Whilst setup is simple it is quite time-consuming.
First, you check the mission you are on at the back of the comic book and take the appropriate mission card being very careful to only look at the mission side.
You then shuffle and place the specific number of clue tokens in each room on whichever side of the double-sided board you are playing on. Next, you place other markers like your starting location, additional walls or perhaps other standees (mmm Clue) where indicated.
By the side of the board, you place the action cards. These are, Gather, Run, Reveal and Regroup.
Then you place the discard pile with the four time cards on top and finally, you shuffle the resource pile and deal four cards to each player.
Each player chooses a character, these characters each have a specific talent that helps the team during the mission.
Prothna Saini: (Green) Leadership, she is able to move herself or another player up to 5 rooms and ignores effects that restrict the Run Action.
Fil Johnson: (Red) Tech Savvy, he gets to choose 3 nearby rooms and can reveal a room token in each room and ignores traps.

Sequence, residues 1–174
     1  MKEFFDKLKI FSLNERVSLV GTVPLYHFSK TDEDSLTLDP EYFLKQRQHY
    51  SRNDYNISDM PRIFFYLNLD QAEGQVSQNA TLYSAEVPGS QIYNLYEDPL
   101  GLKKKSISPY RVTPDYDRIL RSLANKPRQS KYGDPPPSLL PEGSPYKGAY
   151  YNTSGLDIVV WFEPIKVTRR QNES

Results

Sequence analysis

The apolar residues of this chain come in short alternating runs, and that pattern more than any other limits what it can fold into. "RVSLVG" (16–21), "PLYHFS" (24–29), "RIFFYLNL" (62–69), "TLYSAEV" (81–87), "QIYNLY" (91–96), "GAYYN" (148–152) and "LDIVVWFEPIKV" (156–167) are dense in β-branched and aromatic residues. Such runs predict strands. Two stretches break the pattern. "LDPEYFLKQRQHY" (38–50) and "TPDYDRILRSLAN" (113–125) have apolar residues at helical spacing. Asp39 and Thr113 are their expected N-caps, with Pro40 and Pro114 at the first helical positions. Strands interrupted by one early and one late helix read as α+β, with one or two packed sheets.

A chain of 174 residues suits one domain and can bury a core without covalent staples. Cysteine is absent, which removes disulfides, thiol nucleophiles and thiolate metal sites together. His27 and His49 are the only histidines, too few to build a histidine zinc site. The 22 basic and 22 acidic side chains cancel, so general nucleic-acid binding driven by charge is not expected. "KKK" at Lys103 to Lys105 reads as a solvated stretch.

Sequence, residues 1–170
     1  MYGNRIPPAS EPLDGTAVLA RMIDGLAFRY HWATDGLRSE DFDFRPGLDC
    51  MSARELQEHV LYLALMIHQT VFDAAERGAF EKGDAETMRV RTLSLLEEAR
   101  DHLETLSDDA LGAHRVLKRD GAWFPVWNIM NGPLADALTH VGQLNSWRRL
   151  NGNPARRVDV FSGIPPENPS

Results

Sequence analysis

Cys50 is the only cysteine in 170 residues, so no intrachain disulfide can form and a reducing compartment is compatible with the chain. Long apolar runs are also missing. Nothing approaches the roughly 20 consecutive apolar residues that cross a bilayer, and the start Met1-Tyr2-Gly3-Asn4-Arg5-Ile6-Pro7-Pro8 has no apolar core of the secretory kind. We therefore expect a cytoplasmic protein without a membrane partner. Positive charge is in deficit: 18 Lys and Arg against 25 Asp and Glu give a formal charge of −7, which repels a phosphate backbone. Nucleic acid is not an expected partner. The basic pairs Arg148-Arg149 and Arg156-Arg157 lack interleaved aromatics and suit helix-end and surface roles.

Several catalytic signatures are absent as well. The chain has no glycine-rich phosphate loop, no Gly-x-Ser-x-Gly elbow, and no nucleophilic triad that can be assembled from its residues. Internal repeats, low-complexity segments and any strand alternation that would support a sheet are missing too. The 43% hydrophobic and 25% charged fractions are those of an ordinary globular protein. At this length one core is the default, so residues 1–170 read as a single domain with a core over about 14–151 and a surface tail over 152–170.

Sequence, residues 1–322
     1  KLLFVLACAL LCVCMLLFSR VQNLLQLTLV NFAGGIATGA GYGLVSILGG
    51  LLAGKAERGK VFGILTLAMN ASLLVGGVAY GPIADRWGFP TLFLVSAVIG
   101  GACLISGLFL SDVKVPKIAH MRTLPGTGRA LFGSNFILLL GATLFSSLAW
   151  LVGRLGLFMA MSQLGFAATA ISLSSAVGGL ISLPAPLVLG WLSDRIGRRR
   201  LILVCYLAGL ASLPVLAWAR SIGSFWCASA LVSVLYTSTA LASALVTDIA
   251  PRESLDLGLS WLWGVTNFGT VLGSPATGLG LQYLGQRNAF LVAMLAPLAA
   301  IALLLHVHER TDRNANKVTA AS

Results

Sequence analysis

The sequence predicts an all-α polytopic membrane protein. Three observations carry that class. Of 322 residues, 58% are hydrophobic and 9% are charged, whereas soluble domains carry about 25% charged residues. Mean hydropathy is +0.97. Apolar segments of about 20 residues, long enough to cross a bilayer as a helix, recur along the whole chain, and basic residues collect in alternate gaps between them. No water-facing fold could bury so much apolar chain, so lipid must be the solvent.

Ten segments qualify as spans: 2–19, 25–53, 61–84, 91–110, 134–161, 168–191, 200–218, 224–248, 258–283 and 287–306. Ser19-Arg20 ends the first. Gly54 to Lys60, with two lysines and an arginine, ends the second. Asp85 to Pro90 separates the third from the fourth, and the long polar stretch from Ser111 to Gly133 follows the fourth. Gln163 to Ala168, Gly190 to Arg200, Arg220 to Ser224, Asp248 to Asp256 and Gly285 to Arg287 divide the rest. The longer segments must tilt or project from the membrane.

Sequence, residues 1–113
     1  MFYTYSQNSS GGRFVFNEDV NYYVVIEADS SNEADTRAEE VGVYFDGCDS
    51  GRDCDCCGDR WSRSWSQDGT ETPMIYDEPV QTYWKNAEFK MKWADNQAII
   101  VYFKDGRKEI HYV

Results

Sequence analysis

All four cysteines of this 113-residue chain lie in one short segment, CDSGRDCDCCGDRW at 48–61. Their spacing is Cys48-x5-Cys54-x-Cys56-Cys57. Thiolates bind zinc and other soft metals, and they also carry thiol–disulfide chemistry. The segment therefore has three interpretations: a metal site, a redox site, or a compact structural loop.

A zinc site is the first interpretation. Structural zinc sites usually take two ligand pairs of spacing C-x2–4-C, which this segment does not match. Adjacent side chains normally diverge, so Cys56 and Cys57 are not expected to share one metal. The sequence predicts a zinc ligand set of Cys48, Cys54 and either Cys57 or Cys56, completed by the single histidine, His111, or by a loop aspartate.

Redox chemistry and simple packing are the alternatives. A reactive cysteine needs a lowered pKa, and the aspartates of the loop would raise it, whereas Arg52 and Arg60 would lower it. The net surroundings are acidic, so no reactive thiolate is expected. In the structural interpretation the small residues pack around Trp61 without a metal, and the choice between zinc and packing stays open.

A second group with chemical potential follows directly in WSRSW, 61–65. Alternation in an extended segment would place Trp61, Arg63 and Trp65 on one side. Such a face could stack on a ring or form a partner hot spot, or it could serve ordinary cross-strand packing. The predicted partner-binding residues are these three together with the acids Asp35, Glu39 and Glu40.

Brock Sanders: (Blue) Brute Force, he gets to discard the top card of any action card. This is the most vital role in clearing cards from the Regroup Action.
Jenni Bradley: Deduction, she gets to collect a clue token from her room and/or an adjacent room even if it hasn’t been revealed yet.
Whilst you can freely talk about your hand in general terms you are not permitted to specifically state what number is on your resource card. When you have assessed each players starting hand you then decide who will go first.
Turn order and actions will play a huge part in your organisation of the game because you may only play a resource card to an action if its value is higher than the previously played card on that action.
Before you start to play you read the page you have been instructed to read in the comic. That’s right, Comic, this game has a comic.